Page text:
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Ben RobertsI currently work as a systems administrator for GSA Capital, managing Unix, Linux and Windows systems and providing IT support. I rely heavily on automation and open source technologies in my daily activities.

I previously worked as a Network Projects engineer for Atos in the Major Projects division. My role included design and implementation of LAN and WAN systems in Data Centre environments. My last project involved working on a major internal infrastructure overhaul spanning five sites for which I produced all the physical layer design and implementation.

Before then, I worked for Netcraft in Bath, while taking a year out from my degree studies. My roles included developing and running the SSL Server Survey, reviewing Automated Vulnerability Scan results, and performing occasional penetration tests against web applications for financial institutions.

I am a former graudate of ECS (University of Southampton), earning a First in Computer Science with Distributed Systems and Networks to the Masters level.

In my spare time, I am a member of the Sabayon Linux developers group, where I help maintain the Sabayon Community Repositories, help look after the project infrastructure, maintain the puppet-sabayon module, and dabble with package maintenance.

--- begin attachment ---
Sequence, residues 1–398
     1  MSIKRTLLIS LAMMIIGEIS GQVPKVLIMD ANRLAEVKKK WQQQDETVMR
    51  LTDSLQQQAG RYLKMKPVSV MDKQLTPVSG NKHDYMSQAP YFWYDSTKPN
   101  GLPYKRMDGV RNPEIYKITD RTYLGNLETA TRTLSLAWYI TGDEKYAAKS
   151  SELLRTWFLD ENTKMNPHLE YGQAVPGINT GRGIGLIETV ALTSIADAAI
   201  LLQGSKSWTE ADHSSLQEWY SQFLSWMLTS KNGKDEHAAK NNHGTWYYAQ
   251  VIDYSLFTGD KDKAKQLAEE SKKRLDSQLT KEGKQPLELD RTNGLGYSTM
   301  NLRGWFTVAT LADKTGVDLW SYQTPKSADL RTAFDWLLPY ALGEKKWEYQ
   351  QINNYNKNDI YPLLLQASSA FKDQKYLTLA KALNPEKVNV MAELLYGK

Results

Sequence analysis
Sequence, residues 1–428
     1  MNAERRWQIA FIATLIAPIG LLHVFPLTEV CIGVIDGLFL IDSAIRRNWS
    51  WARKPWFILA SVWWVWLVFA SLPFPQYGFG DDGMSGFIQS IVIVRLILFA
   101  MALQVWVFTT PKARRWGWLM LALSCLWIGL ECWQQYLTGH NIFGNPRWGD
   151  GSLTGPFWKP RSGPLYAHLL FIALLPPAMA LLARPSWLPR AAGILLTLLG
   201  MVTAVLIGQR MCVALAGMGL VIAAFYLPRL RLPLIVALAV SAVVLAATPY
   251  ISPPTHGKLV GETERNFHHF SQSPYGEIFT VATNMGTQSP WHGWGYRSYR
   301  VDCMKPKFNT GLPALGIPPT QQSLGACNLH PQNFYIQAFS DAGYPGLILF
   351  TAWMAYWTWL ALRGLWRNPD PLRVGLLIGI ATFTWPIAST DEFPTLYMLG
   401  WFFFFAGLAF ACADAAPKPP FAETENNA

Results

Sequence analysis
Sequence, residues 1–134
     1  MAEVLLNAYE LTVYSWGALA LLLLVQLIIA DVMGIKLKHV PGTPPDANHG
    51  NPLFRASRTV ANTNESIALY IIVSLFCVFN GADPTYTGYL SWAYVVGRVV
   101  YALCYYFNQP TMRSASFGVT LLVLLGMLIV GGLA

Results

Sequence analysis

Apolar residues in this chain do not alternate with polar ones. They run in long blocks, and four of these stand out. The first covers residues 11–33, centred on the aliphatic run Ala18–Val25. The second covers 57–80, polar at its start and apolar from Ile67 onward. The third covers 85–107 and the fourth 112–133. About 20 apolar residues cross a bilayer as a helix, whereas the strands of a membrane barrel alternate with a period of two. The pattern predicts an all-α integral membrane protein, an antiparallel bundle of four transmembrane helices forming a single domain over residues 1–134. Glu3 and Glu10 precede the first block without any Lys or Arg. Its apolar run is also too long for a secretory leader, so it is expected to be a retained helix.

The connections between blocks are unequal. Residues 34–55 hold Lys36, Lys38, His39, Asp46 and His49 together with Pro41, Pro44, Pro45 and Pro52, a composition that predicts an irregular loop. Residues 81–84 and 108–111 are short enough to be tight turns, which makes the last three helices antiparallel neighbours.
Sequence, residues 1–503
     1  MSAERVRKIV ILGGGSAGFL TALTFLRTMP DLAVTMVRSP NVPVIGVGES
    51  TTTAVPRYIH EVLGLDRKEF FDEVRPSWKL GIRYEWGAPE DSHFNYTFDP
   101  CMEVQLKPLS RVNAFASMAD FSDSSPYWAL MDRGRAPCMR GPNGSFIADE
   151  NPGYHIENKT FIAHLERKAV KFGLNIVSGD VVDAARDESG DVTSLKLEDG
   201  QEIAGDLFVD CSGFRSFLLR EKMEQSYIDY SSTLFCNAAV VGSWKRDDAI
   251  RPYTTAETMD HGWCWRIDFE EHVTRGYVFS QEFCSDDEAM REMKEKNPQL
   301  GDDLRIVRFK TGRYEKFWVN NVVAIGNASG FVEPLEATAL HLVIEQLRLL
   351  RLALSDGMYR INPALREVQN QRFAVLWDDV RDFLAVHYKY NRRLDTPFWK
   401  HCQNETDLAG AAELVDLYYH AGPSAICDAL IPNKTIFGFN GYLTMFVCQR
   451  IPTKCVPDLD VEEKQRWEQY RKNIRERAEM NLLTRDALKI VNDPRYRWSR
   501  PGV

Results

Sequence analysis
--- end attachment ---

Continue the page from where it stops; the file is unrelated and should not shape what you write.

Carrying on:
You can contact me via me@benroberts.net.

Recent Posts

vCenter OIDC authentication using KeyCloak

VMWare vCenter 7 adds support for OIDC single-sign on. Officially only ADFS is supported, but with some tweaks, KeyCloak can be used instead. The changes necessary to trick vCenter into accepting KeyCloak as an IDP are:

  • Include a domain claim matching the vCenter SSO domain
  • Override the sub claim to be the plain username

The process is described in more detail on my wiki here: http://dokuwiki.sihnon.net/vmware#oidc_sso_authentication_via_keycloak

The vCenter UI decides whether to use local SSO or OIDC by having you type in the username into the vCenter login form, and matching the domain part against the configured authentication domains. Unfortunately this means typing in the username twice, once fully qualified on the vCenter login form, and then again in the IDP login form.

Using OIDC for logging into vCenter can save entering the password as often, and the IDP supports 2FA, then this is used for the login to vCenter which is a nice security improvement. KeyCloak supports both TOTP codes, and FIDO U2F as the second factor, meaning it support Yubikeys and Krypton.

While setting this up, the /var/log/vmware/sso/tokenservice.log logfile on the vCenter host is helpful for troubleshooting the login process. It will show the data extracted fro the JWT claim, which can be used to confirm the username and domain claims are being set correctly

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